Thursday, March 6, 2014

Out of the Cave by Cotton E. Davis

The year is 2036. Fifteen-year-old-Kelly Tracer moves to Rivertown, Missouri, population 1900, where she enrolls in the local high school to begin her sophomore year. Imagine Kelly's surprise when she learns of another newcomer to Rivertown High, a sophomore like herself: a boy from 40,000 years in the past. A Neanderthal.

Further imagine Kelly's shock when she learns Neanderthals were not fellow Homo sapiens but were instead a seperate species of humans unto themselves. She remembers the boy being time transported to the twenty-first century from watching the news when she was six years old. Now, nine years later, he is being mainstreamed.

Kelly is further surprised when she sees Adam (the name humans have given him) in the flesh. Like his long-extinct people, he is heavily muscled with thick brow ridges above his eyes and possessed of a protruding muzzle of a mouth and only a slight chin. Then there is his humongous, spreading nose. More thuggish than simian-looking, Adam's primitive looks put Kelly off. Scare her even.

Kelly gets another surprise. Adam speaks English like an American. Raised by scientists since his sixth year, he sounds just like any other American kid, except for a touch of bass in his voice's timbre. Also, Adam is nothing like the dully fierce caveman stereotype Kelly expected. Aside from being shy, he is mild and thoughtful and quite considerate of the feelings of others. Adam is also very mature for his few years; an evolutionary response, according to his paleoanthropologist adoptive father, to living in the harsh conditions of a major Ice Age.

Not surprisingly, Kelly finds herself liking him.

You guessed it, Kelly and Adam will eventually become an item. But, before that, they'll go through enough tribulations to try the patience of a saint. After-all, the world is no more perfect in the year 2036 than it was in Adam's time.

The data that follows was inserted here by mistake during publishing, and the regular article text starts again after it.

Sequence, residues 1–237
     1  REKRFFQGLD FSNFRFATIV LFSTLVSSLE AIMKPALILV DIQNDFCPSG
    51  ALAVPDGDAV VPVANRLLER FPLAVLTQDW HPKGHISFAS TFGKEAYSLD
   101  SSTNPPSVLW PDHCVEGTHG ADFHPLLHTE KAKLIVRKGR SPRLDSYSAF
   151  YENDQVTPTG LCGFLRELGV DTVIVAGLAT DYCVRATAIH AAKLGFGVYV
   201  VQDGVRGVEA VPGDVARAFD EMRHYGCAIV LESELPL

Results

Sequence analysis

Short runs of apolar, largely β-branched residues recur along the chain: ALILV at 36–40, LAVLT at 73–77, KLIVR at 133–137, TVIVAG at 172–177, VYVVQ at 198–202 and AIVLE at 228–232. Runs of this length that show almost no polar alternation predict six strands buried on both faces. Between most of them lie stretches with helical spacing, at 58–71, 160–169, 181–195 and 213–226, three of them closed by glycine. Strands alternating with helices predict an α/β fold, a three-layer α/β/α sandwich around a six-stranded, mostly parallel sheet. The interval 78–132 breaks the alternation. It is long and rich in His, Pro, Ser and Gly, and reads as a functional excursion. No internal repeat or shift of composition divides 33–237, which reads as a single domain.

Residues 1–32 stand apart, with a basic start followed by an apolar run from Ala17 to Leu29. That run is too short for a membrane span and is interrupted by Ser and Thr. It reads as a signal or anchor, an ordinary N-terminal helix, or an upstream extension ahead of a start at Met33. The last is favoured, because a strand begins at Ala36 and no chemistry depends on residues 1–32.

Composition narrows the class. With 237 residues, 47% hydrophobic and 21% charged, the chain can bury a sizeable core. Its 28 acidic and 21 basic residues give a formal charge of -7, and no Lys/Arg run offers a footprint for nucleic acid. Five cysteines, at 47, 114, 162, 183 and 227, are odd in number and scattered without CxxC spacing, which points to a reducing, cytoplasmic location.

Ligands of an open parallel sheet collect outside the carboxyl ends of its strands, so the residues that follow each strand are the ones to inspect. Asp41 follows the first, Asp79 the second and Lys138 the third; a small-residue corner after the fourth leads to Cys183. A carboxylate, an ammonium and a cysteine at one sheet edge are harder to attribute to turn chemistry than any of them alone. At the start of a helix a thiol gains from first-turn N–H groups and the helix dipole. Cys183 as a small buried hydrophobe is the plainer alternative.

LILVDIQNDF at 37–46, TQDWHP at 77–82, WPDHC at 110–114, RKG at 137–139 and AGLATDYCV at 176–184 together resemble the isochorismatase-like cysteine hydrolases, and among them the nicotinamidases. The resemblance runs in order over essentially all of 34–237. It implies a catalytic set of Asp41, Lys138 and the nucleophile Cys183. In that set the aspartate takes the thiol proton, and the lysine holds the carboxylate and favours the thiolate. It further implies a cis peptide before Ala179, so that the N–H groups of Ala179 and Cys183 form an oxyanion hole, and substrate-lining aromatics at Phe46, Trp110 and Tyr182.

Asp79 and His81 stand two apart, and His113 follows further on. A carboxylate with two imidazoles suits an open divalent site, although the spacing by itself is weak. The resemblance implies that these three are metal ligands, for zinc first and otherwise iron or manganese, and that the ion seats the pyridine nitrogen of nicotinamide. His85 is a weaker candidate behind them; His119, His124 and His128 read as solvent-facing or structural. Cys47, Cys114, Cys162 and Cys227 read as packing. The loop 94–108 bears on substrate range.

This book starts out as a brilliant idea.  In the not-too-distant future, time-warpers have gone back nearly 40,000 years and returned with a 6 year-old neanderthal boy.  After a two-year-long battle, his adoptive parents are able to get him away from the institution that treats him like a specimen rather than a child.  Adam, as he was aptly named, is now fifteen and his father has decided it's time for him to become socially acclimated by sending him to high school.

At this stage, we mostly devolve into high school drama.  Will Adam make the football team? Will he actually get to play or just warm the bench?  Will our little high school love triangle work itself out?  All along the way, we also have authority figures explaining historical backgrounds of 'cavemen' and 'time travel'.

If you can look past all of the high school drama and 'teaching moments', there's actually a viable story here.  Keep a close eye on Adam.  Even though he's been in human society for nine years, he's just now beginning to figure out who he is and who he was before he was transported through time.  If you can keep the story from Adam's perspective, it's actually quite heart-rendering.

*I received a cpy of this book in exchange for an honest review.  Shawn

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The old grey donkey, Eeyore stood by himself in a thistly corner of the Forest, his front feet well apart, his head on one side, and thought about things. Sometimes he thought sadly to himself, "Why?" and sometimes he thought, "Wherefore?" and sometimes he thought, "Inasmuch as which?" and sometimes he didn't quite know what he was thinking about.

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